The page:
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Saw this pamphlet about lightning safety:

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As you can tell, every sentence in the pamphlet has every single word capitalized. Is there a scientific reason that every word would be capitalized? Is this merely to annoy the reader, or is this to gain the reader's attention quicker? Is there a specific term for this or a specific reason words are capitalized such as this?

  • People working in the government love what office word can do, here is a typical example :) notice the bold underlined title! just be happy they don't print in color – Ayyash Oct 2 '15 at 11:30
  • also be thankful they haven't found the 'word art' button, if that even still exists (it certainly did in my school IT classes, which is pretty much all we did - a sad indictment of British IT schooling) – Toni Leigh Oct 17 '15 at 16:23
  • also, is this not to do with fonts, aren't fonts the design of the individual letters rather than their use? – Toni Leigh Oct 17 '15 at 16:24
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To start with the simplest question, yes this style has a name, it's called: "Title Case". It's a traditional way of capitalizing titles, it's normally not to be used in articles (though nobody really prohibits it) - there Sentence case is the most widely used. In some regions it's considered more academic and thus could give a higher esteem to the writer.

So the usage in that pamphlet appears to be wrong as this, for starters, decreases legibility. It also lowers reading spead, since everything looks like the start of a sentence or an important name or place, that negates the possibility of scanning. I think most of it can be backed up by looking at the more popular research done regarding ALL CAPS and readability. this article also talks about how capital letters decrease reading speed because they're not as common. Another clue can be found in the overpopular meme of the ease of reading scrambled words, in which the first and last latters stay the same; although the middle letters are not random, it does identify that the first (and last) letter in a word are important enough to allow such an effect.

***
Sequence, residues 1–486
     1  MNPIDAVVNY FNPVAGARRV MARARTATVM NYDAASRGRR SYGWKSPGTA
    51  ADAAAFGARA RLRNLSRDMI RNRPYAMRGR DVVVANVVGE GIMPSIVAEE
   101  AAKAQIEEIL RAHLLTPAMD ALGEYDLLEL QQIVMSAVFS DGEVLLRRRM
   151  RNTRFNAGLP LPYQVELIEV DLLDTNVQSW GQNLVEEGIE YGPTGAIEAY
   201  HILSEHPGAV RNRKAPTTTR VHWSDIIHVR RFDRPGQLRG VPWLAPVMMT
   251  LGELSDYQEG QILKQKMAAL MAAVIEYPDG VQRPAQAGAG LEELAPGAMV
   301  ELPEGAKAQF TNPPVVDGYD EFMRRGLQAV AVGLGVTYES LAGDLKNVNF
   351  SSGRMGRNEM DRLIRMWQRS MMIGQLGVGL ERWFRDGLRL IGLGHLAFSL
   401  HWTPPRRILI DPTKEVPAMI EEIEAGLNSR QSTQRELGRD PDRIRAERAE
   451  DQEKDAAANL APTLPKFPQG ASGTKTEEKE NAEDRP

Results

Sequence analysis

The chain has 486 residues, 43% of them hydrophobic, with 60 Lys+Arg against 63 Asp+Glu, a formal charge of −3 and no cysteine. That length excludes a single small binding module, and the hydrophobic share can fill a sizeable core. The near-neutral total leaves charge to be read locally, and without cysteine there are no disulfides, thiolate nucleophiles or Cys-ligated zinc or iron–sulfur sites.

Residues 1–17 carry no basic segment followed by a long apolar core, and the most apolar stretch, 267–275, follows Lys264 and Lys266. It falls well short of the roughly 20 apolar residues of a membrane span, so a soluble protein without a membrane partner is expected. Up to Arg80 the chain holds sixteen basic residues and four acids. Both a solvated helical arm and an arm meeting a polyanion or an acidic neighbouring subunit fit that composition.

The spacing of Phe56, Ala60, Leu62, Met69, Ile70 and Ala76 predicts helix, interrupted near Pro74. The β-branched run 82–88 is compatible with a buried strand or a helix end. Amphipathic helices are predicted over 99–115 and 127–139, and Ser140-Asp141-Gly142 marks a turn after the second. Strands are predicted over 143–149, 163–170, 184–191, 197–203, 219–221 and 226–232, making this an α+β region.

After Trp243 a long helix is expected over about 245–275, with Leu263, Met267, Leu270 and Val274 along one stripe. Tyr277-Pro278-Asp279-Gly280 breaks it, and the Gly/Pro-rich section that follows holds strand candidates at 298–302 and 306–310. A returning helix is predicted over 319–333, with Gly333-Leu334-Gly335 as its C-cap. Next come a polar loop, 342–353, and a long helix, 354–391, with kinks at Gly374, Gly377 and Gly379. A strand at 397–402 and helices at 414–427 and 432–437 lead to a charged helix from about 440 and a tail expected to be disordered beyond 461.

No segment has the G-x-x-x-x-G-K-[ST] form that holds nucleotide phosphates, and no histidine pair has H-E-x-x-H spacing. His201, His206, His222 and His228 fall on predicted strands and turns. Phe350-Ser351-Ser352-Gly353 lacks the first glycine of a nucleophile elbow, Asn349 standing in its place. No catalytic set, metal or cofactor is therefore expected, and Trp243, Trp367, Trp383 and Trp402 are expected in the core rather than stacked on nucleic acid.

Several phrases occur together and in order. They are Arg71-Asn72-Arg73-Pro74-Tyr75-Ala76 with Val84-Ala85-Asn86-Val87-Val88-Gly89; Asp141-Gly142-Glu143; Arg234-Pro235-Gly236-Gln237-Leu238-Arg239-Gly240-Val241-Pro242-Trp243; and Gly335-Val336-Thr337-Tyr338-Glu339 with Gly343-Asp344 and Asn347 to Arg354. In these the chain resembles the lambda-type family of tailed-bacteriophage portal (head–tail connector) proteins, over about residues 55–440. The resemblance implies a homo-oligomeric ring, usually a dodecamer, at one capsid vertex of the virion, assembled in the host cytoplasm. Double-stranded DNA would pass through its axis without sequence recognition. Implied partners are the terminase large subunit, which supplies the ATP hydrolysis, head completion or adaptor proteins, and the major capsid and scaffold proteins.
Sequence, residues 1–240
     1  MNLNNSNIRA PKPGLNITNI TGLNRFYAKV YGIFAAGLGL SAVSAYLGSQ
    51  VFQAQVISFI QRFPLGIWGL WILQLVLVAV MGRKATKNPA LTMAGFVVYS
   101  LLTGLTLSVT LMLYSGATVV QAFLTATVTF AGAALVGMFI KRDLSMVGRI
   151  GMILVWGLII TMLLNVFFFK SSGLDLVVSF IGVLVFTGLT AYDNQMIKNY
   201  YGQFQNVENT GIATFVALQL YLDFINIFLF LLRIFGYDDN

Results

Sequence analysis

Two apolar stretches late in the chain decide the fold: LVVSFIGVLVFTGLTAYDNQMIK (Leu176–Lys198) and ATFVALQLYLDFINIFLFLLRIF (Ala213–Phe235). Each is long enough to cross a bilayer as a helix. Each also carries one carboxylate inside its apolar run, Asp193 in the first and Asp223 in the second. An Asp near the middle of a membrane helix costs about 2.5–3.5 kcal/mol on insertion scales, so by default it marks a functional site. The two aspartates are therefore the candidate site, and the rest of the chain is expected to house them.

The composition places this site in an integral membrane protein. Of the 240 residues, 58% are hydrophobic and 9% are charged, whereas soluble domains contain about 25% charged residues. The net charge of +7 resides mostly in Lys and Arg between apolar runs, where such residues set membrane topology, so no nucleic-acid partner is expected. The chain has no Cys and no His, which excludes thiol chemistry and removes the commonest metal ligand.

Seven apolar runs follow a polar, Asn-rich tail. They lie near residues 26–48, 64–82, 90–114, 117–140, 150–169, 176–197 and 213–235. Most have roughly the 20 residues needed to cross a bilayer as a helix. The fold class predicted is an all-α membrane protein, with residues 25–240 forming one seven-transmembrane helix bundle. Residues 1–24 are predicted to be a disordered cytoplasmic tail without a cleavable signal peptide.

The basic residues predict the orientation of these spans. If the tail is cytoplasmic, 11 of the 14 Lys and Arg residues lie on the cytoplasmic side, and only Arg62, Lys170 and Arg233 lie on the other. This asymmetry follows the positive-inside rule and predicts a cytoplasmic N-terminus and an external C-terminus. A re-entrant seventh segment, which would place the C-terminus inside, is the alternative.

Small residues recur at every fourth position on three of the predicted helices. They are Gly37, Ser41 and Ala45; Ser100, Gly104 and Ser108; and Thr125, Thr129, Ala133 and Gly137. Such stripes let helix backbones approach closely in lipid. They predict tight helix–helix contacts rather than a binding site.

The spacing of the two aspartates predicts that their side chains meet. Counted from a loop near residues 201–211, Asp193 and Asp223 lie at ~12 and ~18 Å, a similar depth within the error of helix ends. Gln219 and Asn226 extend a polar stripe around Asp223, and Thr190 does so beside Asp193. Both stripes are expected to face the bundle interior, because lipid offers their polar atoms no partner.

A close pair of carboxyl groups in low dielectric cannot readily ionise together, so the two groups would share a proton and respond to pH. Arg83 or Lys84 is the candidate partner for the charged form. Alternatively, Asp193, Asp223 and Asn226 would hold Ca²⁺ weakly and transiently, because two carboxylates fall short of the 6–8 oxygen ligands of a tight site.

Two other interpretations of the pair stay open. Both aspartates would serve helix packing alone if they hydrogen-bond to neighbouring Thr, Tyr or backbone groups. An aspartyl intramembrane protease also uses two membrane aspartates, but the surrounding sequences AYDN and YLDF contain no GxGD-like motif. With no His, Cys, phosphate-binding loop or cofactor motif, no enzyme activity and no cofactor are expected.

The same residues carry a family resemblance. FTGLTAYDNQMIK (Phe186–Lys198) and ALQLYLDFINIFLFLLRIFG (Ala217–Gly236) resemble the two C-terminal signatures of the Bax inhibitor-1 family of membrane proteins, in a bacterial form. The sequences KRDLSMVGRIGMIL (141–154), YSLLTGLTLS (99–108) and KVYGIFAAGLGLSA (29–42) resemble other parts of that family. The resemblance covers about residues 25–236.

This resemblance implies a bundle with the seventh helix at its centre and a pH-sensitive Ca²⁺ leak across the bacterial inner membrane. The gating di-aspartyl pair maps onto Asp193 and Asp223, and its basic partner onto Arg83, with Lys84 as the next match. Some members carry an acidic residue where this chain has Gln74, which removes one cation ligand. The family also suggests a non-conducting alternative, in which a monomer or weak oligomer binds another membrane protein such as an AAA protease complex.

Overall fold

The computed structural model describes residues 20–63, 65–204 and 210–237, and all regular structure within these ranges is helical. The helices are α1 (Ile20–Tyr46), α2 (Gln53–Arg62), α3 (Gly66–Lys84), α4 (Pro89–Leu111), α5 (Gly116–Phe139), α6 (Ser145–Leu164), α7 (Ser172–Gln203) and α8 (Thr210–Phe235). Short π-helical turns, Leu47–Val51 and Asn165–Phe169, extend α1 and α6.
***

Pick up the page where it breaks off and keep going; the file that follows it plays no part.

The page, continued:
With that last fact in mind, that could of course be the exact reason why the author did just that: to lower the reading speed so people would actually read it - however, that is just suggestive and unless we talk to the author, we'll never be 100% sure.

Another reason could be that he merely messed up a setting in his WYSIWYG editor (MS word has this option) , that made sure every word was capitalized; this either because of a mistake or he just tought that it was more stylish to do so. But again, that is just guessing!

Anyway, in the end it's mostly just a styling consideration.

On a sidenote, there doesn't appear to be any rules discussing what "Title Case" is, some do it on every word, while others suggest that "tiny" words shouldn't have an upper case.

Sources

  • While those are interesting links, they really only cover off what Title Case is as a concept, and not whether or not it is appropriate for body copy of articles themselves. The StickyContent article has a brief paragraph that is relevant, by stating that: "Too much title case kills legibility" - and that isn't backed up by evidence either. While it may well be bad to write all in Title Case, it's dangerous to base decisions entirely on pre-existing assumptions. – JonW Oct 2 '15 at 9:10
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    I agree, most of it is based upon assumptions, however, I've edited my answer to show some more research toward what caps do to reading speed, although they discuss just "all caps" vs "sentence caps", some rules seem to apply for either case. - However, as said, in the end it's probably more a choice of style as one could be biased towards one type of casing over another, due to precedence in the reader's life. – Xabre Oct 2 '15 at 9:33
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    Not to nitpick, but title case is when the primary words are capitalized, excluding words like conjunctions, articles, and prepositions. Capitalizing every word is something else, looks like a terrible accident, and should never happen. Edit: (Like you described in your final sentence.) – Ken Mohnkern Oct 2 '15 at 14:41

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